ethan frome

Often when it snows – especially if we get a good covering, I’ll think of this book. It’s set in a harsh New England Winter, in the picturesque but stifling environs of Starkfield, Massachusetts. Ethan Frome lives a dutiful life working his unprofitable farm looking after his wife, a shrewish hypochondriac. His sole joy in life is the time he spends talking with his wife’s cousin and hired help, Mattie, who shares his poetical inclinations. But it’s not like his wife hasn’t noticed how close they’ve been getting…

It is, then, a story of forbidden love, and one of the best around. I won’t tell you much more than that, however; it is a strict policy of Andy’s Writing Tips not to give away much more about a book that can be garnered from the first couple of chapters and the blurb on the back (some of you might want to read it, after all). Edith Wharton was a New Yorker who spent much of her life in Europe, particularly France, and set many of her novels there; Ethan Frome was a departure for her, but ended up being her most popular book.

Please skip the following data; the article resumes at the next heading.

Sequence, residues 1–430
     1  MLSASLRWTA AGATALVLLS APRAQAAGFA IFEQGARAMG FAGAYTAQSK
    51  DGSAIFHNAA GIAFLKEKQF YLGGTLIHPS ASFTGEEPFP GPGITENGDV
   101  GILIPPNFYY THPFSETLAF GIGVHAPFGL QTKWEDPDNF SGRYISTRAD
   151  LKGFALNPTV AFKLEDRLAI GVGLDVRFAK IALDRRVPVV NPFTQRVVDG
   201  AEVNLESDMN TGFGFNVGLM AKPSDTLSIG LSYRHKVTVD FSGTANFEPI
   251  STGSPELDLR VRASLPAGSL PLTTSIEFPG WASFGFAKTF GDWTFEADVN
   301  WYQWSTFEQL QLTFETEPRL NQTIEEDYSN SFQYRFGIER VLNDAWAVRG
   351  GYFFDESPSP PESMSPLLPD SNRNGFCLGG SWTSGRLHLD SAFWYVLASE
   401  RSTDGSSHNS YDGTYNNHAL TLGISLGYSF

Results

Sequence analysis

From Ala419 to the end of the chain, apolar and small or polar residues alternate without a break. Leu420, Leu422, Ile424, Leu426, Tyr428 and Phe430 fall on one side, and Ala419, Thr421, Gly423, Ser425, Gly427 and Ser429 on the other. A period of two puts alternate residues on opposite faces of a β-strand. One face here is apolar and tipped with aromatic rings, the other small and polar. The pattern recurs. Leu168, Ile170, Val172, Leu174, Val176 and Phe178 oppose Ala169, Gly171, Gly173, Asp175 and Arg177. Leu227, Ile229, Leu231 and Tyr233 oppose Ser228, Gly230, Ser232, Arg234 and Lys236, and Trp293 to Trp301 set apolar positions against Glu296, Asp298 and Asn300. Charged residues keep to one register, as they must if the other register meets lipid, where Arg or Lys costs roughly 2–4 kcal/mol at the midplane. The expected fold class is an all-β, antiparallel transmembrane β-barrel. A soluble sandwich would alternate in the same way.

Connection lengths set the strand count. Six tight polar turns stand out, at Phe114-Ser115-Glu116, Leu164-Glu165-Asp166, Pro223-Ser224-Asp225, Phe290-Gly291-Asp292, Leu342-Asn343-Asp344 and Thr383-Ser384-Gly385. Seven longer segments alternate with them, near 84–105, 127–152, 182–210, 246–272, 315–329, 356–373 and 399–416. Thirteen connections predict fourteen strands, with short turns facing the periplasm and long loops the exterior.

There are passages in Ethan Frome that sent shivers down my spine; first, because the writing’s so good, and because Wharton is quite brilliant at pinpointing and describing feelings. Some of her methods for doing this will be the subjects of our next few posts, but winter weather will also feature heavily. Having had another snowy winter here in England, I’m guessing lots of the budding writers out there will have been inspired to write about wintry settings this year (I can’t speak for those of you in other climates!) To get us started, let’s look at this fresh optimistic description of the morning view from Ethan’s farm:

The winter morning was as clear as crystal. The sunrise burned red in a pure sky, the shadows on the rim of the wood-lot were darkly blue, and beyond the white and scintillating fields patches of far-off forest hung like smoke.



Write your own description of a winter morning view, perhaps from your own home. Like Wharton, try to include a few different colours and try to draw a contrast between areas of brightness and shade (e.g. sunrise burned / shadows darkly blue; white and scintillating fields / forest hung like smoke).


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